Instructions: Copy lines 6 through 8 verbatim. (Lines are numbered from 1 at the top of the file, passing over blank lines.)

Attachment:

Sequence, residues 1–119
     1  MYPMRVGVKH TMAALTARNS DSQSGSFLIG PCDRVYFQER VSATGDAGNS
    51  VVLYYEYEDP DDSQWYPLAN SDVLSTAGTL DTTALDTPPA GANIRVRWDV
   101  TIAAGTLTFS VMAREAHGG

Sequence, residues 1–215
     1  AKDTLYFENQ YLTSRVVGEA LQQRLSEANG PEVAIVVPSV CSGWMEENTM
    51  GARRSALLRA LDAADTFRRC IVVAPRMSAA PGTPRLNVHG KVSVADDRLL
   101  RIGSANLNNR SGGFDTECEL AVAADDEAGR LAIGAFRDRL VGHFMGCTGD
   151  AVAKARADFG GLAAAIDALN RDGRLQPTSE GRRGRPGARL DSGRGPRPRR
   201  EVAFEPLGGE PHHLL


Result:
     1  AKDTLYFENQ YLTSRVVGEA LQQRLSEANG PEVAIVVPSV CSGWMEENTM
    51  GARRSALLRA LDAADTFRRC IVVAPRMSAA PGTPRLNVHG KVSVADDRLL
   101  RIGSANLNNR SGGFDTECEL AVAADDEAGR LAIGAFRDRL VGHFMGCTGD